Innovation’s in the air: New tool to identify energy savings in multifamily housing
Did you know that 8.5% of U.S. residents live in large multifamily buildings with 20 or more units? Despite the large number of U.S. households in multifamily buildings, energy efficiency is often overlooked in this sector. And it can be tricky to address, largely because multifamily building characteristics vary drastically — there isn’t a one-size-fits all approach. Fortunately, CEE research to be released later this year will offer new ways to look at multifamily energy efficiency. (Report details at page bottom.)
In the meantime, CEE researchers have come up with a new tool to help our research and, in the long run, to help multifamily building owners and managers operate more efficiently.
CEE’s researchers understand that ventilation is a critically important, and often overlooked, piece of the puzzle. Although just one of many factors in energy cost savings, ventilation is a key source of energy savings in Minnesota, where the majority of multifamily buildings were built in the 1960’s or later; ventilation problems are often intensified in newer, more airtight construction.
In multifamily settings, ventilation accounts for up to 6% of electric use in common spaces and up to 30% of space heating building-wide. In many cases, the energy used by ventilation systems can be reduced by as much as 50% by simply reducing excessive airflow from oversized or maladjusted ventilation equipment. This simple and inexpensive adjustment can improve ventilation performance, save energy, and reduce equipment operation and maintenance costs in one fell swoop.
In 2012, CEE began a comprehensive study of energy improvement opportunities for multifamily ventilation systems, including cost-effective ways to measure, diagnose, and retrofit these systems. While researching techniques and recommendations to assess and improve ventilation, the project also unleashed an exciting and unexpected outcome: the development of a new diagnostic device!
Until now, measuring exhaust ventilation in any standardized way has gone largely unexplored. Because of expensive customization needed to accommodate the huge range of fan sizes and configurations in multifamily buildings, rooftop exhaust ventilation airflow is rarely measured. For a rooftop with 20 exhaust fans, for example, the process would generally take at least two full days; measuring each fan would require 2-3 hours with customized equipment (adapters, calibrated fans, capture hoods, etc.).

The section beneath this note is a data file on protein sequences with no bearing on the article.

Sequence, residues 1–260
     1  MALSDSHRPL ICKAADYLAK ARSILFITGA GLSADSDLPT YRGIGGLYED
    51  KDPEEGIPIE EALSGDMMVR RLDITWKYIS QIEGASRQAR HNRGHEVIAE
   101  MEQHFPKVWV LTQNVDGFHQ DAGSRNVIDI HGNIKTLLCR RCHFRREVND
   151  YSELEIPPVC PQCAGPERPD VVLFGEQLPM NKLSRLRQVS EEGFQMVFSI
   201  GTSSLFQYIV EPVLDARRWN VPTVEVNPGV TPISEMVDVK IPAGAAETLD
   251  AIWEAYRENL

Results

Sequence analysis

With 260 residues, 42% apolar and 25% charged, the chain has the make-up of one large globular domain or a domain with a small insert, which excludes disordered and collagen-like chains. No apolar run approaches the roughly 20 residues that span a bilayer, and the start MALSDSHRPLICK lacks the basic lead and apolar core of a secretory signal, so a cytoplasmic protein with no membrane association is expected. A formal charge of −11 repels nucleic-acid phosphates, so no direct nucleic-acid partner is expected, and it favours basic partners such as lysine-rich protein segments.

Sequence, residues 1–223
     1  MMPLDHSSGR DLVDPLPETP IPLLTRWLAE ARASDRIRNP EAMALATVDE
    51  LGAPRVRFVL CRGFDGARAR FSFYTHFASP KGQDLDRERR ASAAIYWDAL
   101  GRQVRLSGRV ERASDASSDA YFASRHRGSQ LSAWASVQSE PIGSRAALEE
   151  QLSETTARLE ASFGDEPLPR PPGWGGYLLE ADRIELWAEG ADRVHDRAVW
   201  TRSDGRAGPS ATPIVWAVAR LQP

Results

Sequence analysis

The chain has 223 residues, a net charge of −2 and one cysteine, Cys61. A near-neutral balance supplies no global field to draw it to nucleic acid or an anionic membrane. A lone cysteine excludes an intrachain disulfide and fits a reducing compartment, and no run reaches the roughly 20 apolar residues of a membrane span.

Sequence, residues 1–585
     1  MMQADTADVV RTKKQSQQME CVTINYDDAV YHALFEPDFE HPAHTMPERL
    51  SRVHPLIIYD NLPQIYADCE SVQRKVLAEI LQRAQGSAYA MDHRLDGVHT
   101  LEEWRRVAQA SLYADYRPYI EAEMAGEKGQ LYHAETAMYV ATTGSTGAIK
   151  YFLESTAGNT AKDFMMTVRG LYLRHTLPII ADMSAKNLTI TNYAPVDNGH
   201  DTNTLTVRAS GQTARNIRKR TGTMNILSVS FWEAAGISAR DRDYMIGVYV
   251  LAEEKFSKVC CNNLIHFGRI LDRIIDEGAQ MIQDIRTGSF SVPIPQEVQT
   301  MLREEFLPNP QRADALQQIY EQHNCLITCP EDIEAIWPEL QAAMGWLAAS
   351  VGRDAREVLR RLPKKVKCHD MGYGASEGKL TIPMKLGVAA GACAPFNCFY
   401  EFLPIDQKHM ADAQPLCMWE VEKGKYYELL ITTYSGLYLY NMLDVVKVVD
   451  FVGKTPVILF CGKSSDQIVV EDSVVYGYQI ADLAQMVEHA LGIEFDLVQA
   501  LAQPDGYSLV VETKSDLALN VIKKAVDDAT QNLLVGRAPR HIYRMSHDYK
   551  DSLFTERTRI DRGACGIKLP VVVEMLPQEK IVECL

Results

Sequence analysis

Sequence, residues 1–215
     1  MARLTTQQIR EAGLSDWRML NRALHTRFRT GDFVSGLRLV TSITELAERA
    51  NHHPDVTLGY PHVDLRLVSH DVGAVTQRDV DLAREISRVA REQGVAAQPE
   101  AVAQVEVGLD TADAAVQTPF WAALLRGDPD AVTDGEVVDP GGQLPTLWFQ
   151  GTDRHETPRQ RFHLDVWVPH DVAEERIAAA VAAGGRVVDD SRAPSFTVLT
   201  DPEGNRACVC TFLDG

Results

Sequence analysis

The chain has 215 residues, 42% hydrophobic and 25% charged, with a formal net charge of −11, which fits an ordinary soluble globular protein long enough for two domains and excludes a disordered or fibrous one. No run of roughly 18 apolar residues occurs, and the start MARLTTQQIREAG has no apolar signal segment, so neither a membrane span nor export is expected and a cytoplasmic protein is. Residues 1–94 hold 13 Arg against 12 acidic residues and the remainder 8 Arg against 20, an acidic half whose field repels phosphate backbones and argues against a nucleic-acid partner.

To reduce the time, tedium, and people power needed to measure large-volume airflows, CEE experimented with many customized devices, but nothing worked quite right. So prominent energy field expert and CEE senior building analyst Jim Fitzgerald put his creative and technical ingenuity to work, setting out for a solution to fundamentally improve upon the accuracy, time investment, and convenience of previous methods.
The harsh conditions of high-rise apartment rooftops can be less than ideal or, as Jim puts it, “not my idea of a vacation spot.” Working in 30 mph gusts at 25 stories, and sometimes even lying in puddles of rainwater to take measurements, motivated Jim to think outside the box to develop a new approach.
Jim calls his creation a “TrueFlow capture box,” displaying the brand name of The Energy Conservatory’s Trueflow metering plates, which are fitted to the top of a collapsible box. Although still mostly a homemade tool, the capture box has been refined many times over, employing familiar equipment in new ways. In its latest iteration, corrugated plastic sides are well-taped to create a cube-shaped capture hood that can be folded for easy and light transport. The box’s lid is fitted with metering plates and fastened to the top of the capture cube. The cube is then placed over the rooftop fan to measure airflow in minutes using a battery powered digital pressure gauge.
Jim’s simple device won’t win points for beauty, but that’s a worthwhile tradeoff for accuracy.
CEE’s TrueFlow capture box measures ventilation levels with just a sliver of error. Based on many tests and comparisons, the capture box consistently measures with less than 2% error, well under the 5% industry standard for margin of error. In addition to increased accuracy, the device makes testing safer, more portable, and much faster — taking a few hours instead of a few days.
So how will CEE’s capture box help multifamily building owners or operators? Reducing ventilation measurement time by 80%-90% also reduces testing costs significantly, which should increase the likelihood of including this critical diagnostic in building inspection routines. This could lead to the discovery of even more energy savings at a low initial cost for property owners. In addition, the exceptional accuracy allows energy professionals to include precise investment analysis with their recommendations, crucial information to illustrate the value of energy retrofits.
Once again, necessity has proven to be the mother of invention. And it’s especially lucky in this case that extreme conditions paved CEE’s way to extreme innovation.
For more information about CEE’s TrueFlow capture box, contact multifamily project coordinator Corrie Bastian.
In late 2015, CEE will issue a final report on the research project “Reducing the Energy Cost of Effective Ventilation in Multi-Unit Buildings”. The report will include findings about multifamily energy savings and ventilation improvements, as well as standardized screening, diagnostic, and retrofit protocols for multifamily buildings. Also, look for an upcoming video highlighting the project.
To be notified of the report’s release, sign up to receive CEE research updates.
Photo Credit: Jenni Konrad via Creative Commons